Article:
Hypertension, kidney disease, HIV and antiretroviral therapy among Tanzanian adults: A cross-sectional study

Robert N. Peck, Rehema Shedafa, Samuel Kalluvya, Jennifer A. Downs, Jim Todd, Manikkam Suthanthiran, Daniel W. Fitzgerald, Johannes B. Kataraihya

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Background: The epidemics of HIV and hypertension are converging in sub-Saharan Africa. Due to antiretroviral therapy (ART), more HIV-infected adults are living longer and gaining weight, putting them at greater risk for hypertension and kidney disease. The relationship between hypertension, kidney disease and long-term ART among African adults, though, remains poorly defined. Therefore, we determined the prevalences of hypertension and kidney disease in HIV-infected adults (ART-naive and on ART >2 years) compared to HIV-negative adults. We hypothesized that there would be a higher hypertension prevalence among HIV-infected adults on ART, even after adjusting for age and adiposity.Methods: In this cross-sectional study conducted between October 2012 and April 2013, consecutive adults (>18 years old) attending an HIV clinic in Tanzania were enrolled in three groups: 1) HIV-negative controls, 2) HIV-infected, ART-naive, and 3) HIV-infected on ART for >2 years. The main study outcomes were hypertension and kidney disease (both defined by international guidelines). We compared hypertension prevalence between each HIV group versus the control group by Fisher's exact test. Logistic regression was used to determine if differences in hypertension prevalence were fully explained by confounding.Results: Among HIV-negative adults, 25/153 (16.3%) had hypertension (similar to recent community survey data). HIV-infected adults on ART had a higher prevalence of hypertension (43/150 (28.7%), P = 0.01) and a higher odds of hypertension even after adjustment (odds ratio (OR) = 2.19 (1.18 to 4.05), P = 0.01 in the best model). HIV-infected, ART-naive adults had a lower prevalence of hypertension (8/151 (5.3%), P = 0.003) and a lower odds of hypertension after adjustment (OR = 0.35 (0.15 to 0.84), P = 0.02 in the best model). Awareness of hypertension was ≤25% among hypertensive adults in all three groups. Kidney disease was common in all three groups (25.6% to 41.3%) and strongly associated with hypertension (P <0.001 for trend); among hypertensive participants, 50/76 (65.8%) had microalbuminuria and 20/76 (26.3%) had an estimated glomerular filtration rate (eGFR) <60 versus 33/184 (17.9%) and 16/184 (8.7%) participants with normal blood pressure.Conclusions: HIV-infected adults on ART >2 years had two-fold greater odds of hypertension than HIV-negative controls. HIV-infected adults with hypertension were rarely aware of their diagnosis but often have evidence of kidney disease. Intensive hypertension screening and education are needed in HIV-clinics in sub-Saharan Africa. Further studies should determine if chronic, dysregulated inflammation may accelerate hypertension in this population.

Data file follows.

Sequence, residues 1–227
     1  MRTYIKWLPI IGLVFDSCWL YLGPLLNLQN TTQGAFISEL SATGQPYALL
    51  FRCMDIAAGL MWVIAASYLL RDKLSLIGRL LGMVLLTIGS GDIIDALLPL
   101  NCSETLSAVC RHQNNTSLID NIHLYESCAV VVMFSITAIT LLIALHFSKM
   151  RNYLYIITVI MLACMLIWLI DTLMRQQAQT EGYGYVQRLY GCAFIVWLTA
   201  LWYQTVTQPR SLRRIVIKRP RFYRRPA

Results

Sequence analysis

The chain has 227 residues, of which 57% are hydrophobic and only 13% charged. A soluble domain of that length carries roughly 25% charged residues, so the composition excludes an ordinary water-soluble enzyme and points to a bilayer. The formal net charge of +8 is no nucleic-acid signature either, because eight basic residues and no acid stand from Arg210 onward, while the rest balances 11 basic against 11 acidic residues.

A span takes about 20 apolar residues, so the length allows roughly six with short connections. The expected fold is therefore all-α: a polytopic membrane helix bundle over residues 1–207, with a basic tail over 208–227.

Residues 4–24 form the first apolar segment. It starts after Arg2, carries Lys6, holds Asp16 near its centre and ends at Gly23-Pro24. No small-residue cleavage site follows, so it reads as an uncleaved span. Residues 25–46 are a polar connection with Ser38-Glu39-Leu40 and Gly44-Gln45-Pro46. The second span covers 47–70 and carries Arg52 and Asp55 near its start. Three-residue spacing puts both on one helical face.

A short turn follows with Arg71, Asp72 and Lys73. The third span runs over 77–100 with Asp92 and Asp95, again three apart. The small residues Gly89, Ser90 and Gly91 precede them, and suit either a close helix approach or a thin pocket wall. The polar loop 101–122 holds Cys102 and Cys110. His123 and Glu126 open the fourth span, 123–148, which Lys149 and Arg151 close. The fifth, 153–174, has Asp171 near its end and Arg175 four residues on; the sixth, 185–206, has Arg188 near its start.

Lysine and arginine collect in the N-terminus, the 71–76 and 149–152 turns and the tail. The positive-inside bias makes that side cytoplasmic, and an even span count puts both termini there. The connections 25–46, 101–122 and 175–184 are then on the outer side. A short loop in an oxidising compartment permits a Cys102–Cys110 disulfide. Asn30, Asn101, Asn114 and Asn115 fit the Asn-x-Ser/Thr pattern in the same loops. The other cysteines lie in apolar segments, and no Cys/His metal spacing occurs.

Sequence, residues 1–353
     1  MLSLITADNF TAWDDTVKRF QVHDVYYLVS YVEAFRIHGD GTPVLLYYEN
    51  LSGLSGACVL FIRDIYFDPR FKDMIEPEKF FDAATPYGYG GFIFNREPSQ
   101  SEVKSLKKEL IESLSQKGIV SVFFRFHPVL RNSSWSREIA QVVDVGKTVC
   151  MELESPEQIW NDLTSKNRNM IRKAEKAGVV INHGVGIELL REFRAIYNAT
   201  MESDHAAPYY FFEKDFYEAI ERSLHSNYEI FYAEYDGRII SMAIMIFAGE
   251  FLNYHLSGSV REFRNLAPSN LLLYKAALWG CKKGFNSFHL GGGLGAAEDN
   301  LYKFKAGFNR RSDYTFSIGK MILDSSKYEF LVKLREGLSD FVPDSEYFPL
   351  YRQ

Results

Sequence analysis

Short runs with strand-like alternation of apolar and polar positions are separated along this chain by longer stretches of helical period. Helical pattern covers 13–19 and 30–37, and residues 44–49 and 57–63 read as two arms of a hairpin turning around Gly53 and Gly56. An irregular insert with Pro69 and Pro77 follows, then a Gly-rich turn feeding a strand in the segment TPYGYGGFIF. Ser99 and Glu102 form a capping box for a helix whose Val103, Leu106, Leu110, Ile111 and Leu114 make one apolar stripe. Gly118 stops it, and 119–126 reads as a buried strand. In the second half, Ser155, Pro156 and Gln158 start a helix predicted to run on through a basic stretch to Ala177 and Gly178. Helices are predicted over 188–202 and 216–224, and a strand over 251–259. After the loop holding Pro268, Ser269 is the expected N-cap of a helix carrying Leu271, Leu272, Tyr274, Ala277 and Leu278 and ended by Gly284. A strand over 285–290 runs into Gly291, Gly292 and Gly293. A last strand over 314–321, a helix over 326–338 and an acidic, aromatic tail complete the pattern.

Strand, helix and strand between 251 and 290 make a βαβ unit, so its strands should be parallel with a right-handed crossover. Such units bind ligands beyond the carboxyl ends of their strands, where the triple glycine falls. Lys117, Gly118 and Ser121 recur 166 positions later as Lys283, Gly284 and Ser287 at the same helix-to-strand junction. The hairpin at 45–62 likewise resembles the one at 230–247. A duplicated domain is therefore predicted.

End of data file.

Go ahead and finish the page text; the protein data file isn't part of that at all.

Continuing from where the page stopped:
Original languageEnglish
Article number125
JournalBMC Medicine
Issue number1
Publication statusPublished - 29 Jul 2014
Externally publishedYes



  • Antiretroviral therapy
  • Blood pressure
  • HIV
  • Hypertension
  • Kidney disease
  • Sub-Saharan Africa

ASJC Scopus subject areas

  • Medicine(all)

Cite this

Peck, R. N., Shedafa, R., Kalluvya, S., Downs, J. A., Todd, J., Suthanthiran, M., Fitzgerald, D. W., & Kataraihya, J. B. (2014). Hypertension, kidney disease, HIV and antiretroviral therapy among Tanzanian adults: A cross-sectional study. BMC Medicine, 12(1), [125]. https://doi.org/10.1186/s12916-014-0125-2